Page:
The second walk I went on was in my old neighborhood where my mom and step dad live off Oakland Avenue. In my humble opinion, Oakland is the nicest street in all of the Bluffs. Just about every home on it is nearly a century old and has been well maintained in that hundred years. Walking down Oakland and up Sherman (the street I grew up on) was like taking a walk back in time. So little of the place has changed over the years, and so much of it is still as tranquil, cozy and tight-knitted as it was when I was a child. My mom and step dad know seemingly everybody in the neighborhood. Most of the families that were there when I was a kid still own the same homes. It’s the type of place that would have made Reagan proud.

It was on this walk that I’d realized just how classic my childhood was. I walked four blocks to school every day in elementary. The neighborhood kids made a football field and baseball diamond out of an empty lot next to the cemetery on the top of the hill. Even back then, pretty much all the families knew each other, and had at least one child near my age. And there were numerous winding old alleys to discover and patches of woods to explore.

So many of my aunts and uncles live in the outlying suburban areas of CB these days and I can’t help but feel their kids are going to miss out on some of the best things that I experienced as a kid. Council Bluff’s hilly landscape provided us with seemingly endless acres of raw forest to explore. But pretty much all of the woods in the outlying areas of town have been ripped up for new planned communities.

Even many of the patches of woods in the city itself have been ripped bare for new housing developments as well. Two prime examples being the new homes behind Park Wild Apartments on Oak Park Road — which used to be rife with awesome mountain biking paths — and the new homes off Timbercrest.

Council Bluffs, when my generation was growing up, used to be a playground for your imagination. I remember all the quests my friends and I would have in the woods behind the Black Angel and the cliffs off Oakland Ave. The ridge on the east side of Madison Ave. could have been the Appalachians for all I knew. I’d spend entire days up there when I was staying at my grandma Yochem’s.

Before people started moving out to places like Forest Glen, we could pretty much ride our bikes to any of our friends’ house, or any local ball diamond for a sandlot game. These days I’m not sure that’s possible (even if they’re overprotective parents would let them). Do kids even play sandlot games anymore, or are they so involved with multiple organized teams they don’t have the time? (That’s another blog entry).

ANYWAY, the old neighborhood is still very much unique. Having truly soaked it up for the first time in years, it makes sense that I was so enchanted with the vintage neighborhoods of Chicago. I grew up in one that was pretty vintage itself.

The last, most recent walk, was from the library up Fifth Ave. (which actually gets nice when you head uphill, sort of a universal truth in CB; everything gets nicer when you head up a hill). And then to old Kirn Field.

That park is such a hidden gem. I remember when I was really young living nearby on Glen Ave. and being mystified by the cheering of crowds that seemed to emanate from the hill across the street from our house.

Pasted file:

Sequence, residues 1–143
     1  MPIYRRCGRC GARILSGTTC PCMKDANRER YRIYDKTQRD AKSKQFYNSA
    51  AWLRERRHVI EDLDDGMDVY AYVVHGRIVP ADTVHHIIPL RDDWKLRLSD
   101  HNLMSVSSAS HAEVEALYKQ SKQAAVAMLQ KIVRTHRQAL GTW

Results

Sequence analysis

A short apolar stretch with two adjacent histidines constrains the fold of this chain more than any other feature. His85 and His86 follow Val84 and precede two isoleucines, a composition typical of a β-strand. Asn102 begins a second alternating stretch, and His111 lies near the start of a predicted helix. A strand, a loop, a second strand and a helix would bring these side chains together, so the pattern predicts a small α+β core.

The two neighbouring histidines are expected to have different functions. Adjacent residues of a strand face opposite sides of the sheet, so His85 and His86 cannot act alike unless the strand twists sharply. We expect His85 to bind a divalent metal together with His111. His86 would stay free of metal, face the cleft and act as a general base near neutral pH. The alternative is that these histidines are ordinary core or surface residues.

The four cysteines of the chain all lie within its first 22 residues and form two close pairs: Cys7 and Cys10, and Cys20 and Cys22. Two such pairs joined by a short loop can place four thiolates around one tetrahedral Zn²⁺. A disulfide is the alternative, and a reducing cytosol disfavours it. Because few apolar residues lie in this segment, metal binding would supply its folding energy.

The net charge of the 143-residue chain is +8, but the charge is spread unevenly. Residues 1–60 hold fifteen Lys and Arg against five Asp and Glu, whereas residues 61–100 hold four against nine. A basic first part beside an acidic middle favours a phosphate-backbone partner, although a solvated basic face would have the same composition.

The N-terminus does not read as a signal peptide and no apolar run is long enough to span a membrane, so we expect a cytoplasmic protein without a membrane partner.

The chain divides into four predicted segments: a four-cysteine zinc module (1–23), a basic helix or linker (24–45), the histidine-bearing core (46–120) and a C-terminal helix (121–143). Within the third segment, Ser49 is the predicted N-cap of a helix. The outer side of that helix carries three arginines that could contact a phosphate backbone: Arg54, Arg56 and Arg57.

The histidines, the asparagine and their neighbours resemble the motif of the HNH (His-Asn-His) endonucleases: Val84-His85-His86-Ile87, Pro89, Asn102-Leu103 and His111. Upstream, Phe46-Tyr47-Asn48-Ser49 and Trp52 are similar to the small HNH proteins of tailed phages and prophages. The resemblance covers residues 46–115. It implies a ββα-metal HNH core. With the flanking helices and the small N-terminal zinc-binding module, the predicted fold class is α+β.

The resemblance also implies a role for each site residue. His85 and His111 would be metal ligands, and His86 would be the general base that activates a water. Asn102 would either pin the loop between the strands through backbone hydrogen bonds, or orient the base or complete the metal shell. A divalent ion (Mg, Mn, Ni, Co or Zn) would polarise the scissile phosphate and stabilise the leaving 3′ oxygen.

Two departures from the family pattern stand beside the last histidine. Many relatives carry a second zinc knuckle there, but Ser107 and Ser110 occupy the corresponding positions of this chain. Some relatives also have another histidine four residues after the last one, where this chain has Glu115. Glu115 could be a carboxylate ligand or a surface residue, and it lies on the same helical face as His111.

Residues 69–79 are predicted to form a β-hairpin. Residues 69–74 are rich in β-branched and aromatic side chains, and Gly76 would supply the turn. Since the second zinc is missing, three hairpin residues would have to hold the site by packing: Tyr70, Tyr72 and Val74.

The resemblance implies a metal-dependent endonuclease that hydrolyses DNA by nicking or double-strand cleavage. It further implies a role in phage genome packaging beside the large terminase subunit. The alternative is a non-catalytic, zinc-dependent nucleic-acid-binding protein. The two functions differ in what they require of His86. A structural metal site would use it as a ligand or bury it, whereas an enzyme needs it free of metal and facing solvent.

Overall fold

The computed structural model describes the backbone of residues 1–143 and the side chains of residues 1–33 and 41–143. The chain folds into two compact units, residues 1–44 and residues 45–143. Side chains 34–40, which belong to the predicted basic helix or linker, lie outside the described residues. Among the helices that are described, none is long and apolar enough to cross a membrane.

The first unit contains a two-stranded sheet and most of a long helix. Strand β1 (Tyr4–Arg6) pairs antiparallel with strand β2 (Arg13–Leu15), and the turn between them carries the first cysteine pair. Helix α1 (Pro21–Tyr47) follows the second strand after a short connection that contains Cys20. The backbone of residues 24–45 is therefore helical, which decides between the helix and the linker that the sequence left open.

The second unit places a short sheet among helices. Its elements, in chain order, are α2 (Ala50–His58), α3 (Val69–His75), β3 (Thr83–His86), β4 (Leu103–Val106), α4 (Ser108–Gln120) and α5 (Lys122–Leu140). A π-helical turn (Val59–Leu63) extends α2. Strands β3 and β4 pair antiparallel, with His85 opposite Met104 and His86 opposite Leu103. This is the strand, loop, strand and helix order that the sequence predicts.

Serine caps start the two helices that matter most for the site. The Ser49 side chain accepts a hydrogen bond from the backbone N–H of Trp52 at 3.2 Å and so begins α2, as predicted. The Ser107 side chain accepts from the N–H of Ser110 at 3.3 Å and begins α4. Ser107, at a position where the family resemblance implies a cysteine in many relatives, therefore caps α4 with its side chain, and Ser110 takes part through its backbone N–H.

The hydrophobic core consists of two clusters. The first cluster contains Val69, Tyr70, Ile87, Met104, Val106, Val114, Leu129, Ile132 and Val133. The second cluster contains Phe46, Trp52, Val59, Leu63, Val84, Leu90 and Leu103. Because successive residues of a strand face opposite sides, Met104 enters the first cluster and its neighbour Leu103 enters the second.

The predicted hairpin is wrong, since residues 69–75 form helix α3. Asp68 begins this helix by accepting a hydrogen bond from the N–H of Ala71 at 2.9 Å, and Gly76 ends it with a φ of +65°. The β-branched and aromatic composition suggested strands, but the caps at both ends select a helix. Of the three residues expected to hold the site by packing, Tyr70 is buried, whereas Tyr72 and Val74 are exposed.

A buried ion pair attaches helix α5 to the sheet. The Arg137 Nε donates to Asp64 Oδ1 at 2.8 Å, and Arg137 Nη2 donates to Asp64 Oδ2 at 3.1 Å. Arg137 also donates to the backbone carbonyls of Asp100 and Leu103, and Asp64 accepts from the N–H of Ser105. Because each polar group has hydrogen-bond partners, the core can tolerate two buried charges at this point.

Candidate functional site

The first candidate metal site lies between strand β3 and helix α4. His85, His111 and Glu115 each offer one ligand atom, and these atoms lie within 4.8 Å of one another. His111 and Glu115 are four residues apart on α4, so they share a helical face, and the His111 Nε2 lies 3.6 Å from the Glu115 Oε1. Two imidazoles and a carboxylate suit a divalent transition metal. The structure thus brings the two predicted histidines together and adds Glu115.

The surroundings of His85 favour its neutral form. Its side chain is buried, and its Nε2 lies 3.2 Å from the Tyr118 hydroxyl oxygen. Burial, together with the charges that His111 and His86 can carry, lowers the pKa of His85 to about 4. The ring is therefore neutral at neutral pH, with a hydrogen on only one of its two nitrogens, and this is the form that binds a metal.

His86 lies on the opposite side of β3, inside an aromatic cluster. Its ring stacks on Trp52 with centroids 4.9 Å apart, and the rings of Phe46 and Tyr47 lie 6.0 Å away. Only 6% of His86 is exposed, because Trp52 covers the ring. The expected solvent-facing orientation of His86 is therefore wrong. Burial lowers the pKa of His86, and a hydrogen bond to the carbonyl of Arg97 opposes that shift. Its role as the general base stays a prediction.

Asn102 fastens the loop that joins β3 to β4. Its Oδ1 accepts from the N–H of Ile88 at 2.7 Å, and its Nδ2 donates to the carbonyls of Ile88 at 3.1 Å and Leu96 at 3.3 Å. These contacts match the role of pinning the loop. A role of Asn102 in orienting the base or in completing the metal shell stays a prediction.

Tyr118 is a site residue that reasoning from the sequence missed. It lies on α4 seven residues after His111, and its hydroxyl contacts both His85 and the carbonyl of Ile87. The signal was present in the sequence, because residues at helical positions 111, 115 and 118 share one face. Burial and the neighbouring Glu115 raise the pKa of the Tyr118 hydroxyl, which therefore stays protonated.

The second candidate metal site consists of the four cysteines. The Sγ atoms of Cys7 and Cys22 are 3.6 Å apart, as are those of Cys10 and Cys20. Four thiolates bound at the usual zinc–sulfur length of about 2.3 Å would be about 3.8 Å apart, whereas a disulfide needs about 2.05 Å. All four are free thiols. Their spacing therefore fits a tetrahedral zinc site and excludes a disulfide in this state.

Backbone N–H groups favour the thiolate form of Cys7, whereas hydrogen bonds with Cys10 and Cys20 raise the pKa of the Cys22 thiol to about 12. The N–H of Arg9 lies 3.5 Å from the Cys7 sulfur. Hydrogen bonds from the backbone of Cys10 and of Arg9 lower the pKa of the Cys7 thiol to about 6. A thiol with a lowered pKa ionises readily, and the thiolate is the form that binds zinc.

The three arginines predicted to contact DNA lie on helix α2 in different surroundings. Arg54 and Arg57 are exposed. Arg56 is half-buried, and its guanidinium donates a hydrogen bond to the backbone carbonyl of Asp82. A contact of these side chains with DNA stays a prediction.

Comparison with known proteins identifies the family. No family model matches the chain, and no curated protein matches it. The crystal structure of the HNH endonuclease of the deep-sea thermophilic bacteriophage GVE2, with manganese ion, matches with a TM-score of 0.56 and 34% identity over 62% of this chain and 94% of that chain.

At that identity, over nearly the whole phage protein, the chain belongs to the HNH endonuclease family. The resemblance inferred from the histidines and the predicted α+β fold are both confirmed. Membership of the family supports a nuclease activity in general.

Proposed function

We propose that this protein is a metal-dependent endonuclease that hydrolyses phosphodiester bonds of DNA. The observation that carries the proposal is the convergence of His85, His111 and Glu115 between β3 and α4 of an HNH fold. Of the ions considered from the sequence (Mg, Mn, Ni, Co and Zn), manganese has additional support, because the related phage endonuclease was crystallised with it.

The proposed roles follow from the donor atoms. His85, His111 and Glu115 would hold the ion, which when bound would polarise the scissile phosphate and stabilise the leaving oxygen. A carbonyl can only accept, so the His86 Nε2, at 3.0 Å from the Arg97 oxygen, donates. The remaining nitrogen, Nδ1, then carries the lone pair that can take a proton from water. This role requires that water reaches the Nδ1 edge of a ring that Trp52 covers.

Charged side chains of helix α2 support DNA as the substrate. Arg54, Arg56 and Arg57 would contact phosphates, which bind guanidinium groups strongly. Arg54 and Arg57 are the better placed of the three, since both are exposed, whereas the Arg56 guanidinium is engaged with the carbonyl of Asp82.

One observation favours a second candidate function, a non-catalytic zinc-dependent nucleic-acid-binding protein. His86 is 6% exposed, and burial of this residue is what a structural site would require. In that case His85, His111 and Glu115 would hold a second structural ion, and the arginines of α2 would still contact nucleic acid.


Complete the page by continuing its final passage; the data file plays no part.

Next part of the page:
“Where is that sound coming from? Where are all those people at?” I’d wonder while playing in the front yard. Come fourth or fifth grade, when we’d have our annual city-wide track and field day up there, I realized there was actually a football field and track on top of that hill. (I may have been imaginative when I was young, but not necessarily bright).

Also, I’d somehow never realized, despite being somebody who is full of useless Council Bluffs historical knowledge, that there used to be a stately brick high school perched atop that hill until the mid 1930s. You’d think the fact that the street that led up to it was called High School Avenue would have been a giveaway, but again, I wasn’t the brightest.

The views from that old field, which is now a city park open to the public, are fantastic. You can see the old homes that roll up Park Ave. to Fairmount Park, the old brick water pump station at the end of Glen Ave. and the distant Omaha skyline. Being on it feels like you’ve discovered some lost hilltop relic that’s gone unnoticed by humans for decades. It’s hands-down the most scenic overlook in all of the metro area, and I suggest anybody that’s never been there to check it out this summer.

It’d be pretty sweet if that old school were still there, too. Of course, Council Bluff fittingly tore it down like they’ve done just about every one of it’s architecturally significant structures. (See Beno’s, the Strand theater, the Ogden Hotel and just about everything they ripped up to build the Midlands Mall).

After that, the property served as the athletic field for Kirn Junior High, which was right down the street. That school isn’t there anymore, either, as it burned down in the 70s. However, the old gym across that was across the street from it is still there, and it’s one of my favorite buildings in all of CB. I remember how much I loved practicing there with my YMCA league team back in junior high. It felt like we were in Hoosiers, except instead of Gene Hackman, we had Mr. Kenny, our paunchy, bespectacled junior high math teacher as a coach.